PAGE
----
I read something this weekend that came back to me as I spent time in prayer this morning. Figured I’d share it. What I read came from “Expositions of Bible Doctrines: Taking the Epistle to the Romans as a Point of Departure” by Donald Gray Barnhouse. In his exposition of Romans 1:3-4 he writes the following about Christs’ humanity and Divinity:
“…The world says that there is nothing more sure than death and taxes. Certainly there is nothing more human than being taxed. The Romans called their poll tax a capitation or head tax. The day came in the life of the little land, dominated by Rome to collect the head tax. The tax collector said to Peter, ‘Does your Master pay taxes?’ The very fact that the question was asked shows that even the tax-collector recognized that there was something in Jesus Christ above and beyond all other men.
Now it was not Peter’s place to answer for his Lord, but he rushed in, as he usually did according to his impetuous nature, and agreed that the Lord would pay taxes. When Peter arrived at the house where the Lord was staying, the Lord took him aside and began to talk with him quietly. He asked Peter if he recognized that kings exempted themselves from paying taxes but took money from others so that they might be free. Peter assented to this, and the Lord pointed out that because He Himself was King, it would be natural that He should be exempt, and His disciples with Him. Yet so that no offense might be given to the worldlings, He told Peter to go ahead and pay the taxes.
But the method of securing the money is startling. In fact, He said to Peter in effect: ‘Go down to My sea of Galilee, which I created. I have had one of My creatures lose a coin in the water, and My law of gravity carried it down where I had one of My fish take it into his mouth. You go fishing and I will have that fish come to your hook. You take the fish and take the coin out of its mouth, and it will be a coin of sufficient value to pay your taxes and Mine.’ What a human thing to pay taxes! And what a divine way of paying them! Humanity and deity in the same story. Humanity is subject to the laws of the land. Deity knows the movements of a fish in the sea, knows the whereabouts of a lost coin, regulates the power and movements of the fish. I sometimes hope that Peter had faith enough not to use any bait. That fish would have climbed the string, if necessary, to fulfill such orders as these!“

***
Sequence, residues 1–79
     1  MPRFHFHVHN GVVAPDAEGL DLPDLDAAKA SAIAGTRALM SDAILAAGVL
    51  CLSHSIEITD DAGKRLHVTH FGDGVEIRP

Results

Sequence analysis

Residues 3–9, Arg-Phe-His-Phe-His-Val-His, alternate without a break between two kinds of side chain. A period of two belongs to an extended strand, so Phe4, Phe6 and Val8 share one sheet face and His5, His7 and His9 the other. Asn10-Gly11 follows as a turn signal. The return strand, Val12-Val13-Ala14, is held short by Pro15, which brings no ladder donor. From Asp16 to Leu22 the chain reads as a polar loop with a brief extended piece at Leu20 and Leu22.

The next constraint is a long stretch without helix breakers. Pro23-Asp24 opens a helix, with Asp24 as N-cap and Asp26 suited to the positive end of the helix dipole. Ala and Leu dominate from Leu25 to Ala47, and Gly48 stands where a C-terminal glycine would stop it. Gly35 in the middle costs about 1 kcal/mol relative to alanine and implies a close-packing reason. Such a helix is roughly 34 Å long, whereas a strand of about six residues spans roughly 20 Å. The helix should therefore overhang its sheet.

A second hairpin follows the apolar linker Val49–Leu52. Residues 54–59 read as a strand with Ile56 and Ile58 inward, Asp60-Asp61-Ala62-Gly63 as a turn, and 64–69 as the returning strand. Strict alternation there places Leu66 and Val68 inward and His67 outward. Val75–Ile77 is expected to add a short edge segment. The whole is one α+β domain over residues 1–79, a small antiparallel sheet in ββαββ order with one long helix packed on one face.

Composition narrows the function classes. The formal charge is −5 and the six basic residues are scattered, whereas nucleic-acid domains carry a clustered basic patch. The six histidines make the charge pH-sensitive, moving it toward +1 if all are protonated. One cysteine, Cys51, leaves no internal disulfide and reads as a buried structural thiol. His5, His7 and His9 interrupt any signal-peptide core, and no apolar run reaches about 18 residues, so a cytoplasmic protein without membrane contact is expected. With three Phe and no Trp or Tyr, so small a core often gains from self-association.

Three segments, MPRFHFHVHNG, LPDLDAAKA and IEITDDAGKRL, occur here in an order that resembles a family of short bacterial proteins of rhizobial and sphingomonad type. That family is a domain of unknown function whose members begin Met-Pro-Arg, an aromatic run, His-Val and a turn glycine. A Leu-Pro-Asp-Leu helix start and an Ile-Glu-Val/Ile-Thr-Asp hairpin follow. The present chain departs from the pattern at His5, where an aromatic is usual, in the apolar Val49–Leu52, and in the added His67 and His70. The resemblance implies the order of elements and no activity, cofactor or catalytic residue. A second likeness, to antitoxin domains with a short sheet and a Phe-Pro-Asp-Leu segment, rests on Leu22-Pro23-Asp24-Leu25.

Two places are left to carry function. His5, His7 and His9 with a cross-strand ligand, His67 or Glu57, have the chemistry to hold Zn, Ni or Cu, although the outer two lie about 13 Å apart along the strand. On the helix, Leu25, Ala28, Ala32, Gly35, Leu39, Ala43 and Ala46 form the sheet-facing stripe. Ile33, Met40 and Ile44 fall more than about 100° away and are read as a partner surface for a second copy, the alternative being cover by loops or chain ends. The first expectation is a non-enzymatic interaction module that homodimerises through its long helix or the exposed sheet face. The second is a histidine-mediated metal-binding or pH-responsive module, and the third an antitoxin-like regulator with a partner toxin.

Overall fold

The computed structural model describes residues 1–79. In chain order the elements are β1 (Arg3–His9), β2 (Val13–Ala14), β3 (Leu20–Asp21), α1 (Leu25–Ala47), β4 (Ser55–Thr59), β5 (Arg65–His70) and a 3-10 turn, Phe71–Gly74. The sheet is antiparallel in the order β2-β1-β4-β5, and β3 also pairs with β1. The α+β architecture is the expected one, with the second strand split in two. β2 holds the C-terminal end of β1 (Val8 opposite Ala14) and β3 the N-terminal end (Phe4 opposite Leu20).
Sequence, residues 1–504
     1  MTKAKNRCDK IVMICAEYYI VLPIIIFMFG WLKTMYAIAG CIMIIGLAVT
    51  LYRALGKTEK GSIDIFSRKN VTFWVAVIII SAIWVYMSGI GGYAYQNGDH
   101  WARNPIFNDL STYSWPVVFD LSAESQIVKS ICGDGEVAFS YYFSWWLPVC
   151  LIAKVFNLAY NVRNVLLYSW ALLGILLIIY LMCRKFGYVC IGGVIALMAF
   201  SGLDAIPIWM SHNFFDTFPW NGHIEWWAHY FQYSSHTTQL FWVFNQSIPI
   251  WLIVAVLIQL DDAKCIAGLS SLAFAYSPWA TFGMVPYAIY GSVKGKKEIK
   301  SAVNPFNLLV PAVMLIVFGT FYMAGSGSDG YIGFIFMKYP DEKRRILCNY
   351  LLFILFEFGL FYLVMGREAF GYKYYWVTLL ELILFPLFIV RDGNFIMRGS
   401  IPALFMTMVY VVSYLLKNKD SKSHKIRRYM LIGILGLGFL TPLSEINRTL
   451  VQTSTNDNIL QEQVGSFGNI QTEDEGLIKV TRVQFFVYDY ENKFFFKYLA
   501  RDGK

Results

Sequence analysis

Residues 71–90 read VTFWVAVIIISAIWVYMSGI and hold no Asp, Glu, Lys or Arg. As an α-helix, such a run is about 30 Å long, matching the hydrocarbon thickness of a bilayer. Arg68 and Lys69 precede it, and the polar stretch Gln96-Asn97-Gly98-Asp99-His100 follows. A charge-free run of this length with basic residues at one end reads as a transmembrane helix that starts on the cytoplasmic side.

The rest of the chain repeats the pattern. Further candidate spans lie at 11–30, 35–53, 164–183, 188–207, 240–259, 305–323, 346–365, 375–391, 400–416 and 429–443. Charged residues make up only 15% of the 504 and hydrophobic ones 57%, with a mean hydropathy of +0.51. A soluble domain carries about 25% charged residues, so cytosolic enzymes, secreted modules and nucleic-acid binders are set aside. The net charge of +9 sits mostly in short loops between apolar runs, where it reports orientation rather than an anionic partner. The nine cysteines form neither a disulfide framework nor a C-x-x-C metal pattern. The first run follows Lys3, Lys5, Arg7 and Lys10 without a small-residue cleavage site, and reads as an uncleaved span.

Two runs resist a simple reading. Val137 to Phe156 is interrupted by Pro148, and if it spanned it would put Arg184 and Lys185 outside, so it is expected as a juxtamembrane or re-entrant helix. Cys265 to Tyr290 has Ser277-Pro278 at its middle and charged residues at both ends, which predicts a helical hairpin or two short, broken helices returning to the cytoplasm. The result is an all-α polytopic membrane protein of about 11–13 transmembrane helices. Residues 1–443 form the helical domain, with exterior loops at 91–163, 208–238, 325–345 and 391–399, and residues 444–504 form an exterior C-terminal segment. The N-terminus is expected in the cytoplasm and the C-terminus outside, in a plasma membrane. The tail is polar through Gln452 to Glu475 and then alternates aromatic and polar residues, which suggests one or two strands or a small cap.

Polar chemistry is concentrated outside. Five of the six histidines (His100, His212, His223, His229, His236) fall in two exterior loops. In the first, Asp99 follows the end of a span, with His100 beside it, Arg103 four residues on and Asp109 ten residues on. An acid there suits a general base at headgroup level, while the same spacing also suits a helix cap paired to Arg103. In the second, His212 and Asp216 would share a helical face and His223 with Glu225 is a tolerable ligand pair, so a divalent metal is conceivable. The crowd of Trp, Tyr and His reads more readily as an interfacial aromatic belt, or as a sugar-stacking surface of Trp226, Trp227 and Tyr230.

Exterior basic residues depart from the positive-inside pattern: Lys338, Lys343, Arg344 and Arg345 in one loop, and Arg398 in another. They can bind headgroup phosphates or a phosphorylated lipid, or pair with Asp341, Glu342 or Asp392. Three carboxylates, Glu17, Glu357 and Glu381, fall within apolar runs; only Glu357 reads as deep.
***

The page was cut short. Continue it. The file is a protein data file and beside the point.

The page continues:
To me, this brings to mind two things that I spent a considerable amount of time praying about this morning. 1st, it means that God knows exactly where we are at in our lives and he knows exactly what we need. In my own life, I have had some set backs over the past few months and have wondered how we were going to be able to make it financially. God knows exactly where I am and what I need. So, I need to just rest in that knowledge.
But, the thing that struck me the hardest this morning was the fact that, while in this instance, God used a fish to carry out His plan. In all reality, as a part of His creation, I am that fish. I have the personality that God created me with; I have the skills that God created me with; basically, I am the way I am because God wanted me this way for an exact and specific purpose on this earth. The problem is my yielded-ness to His will. In the story I shared above, that fish would have done whatever it had to do to come into contact with Peter so that Jesus’ will would be carried out. Are we that way when we think about God and who He is and what He wants from us? Just a cursory look around tells me that very few are yielded to Him in this way!
So, the real question becomes, are we willing to be so yielded to God that we would be like this fish? Talk about a struggle. Yet, somehow I feel like this is exactly what each of us who follow Christ are called to. I can tell you that I fall far short in this area and was reminded of that this morning. As the song lyrics go:
All to Jesus I surrender;
All to Him I freely give;
I will ever love and trust Him,
In His presence daily live.
I surrender all,
I surrender all;
All to Thee, my blessed Savior,
I surrender all.
Words so easily sung, yet so rarely lived.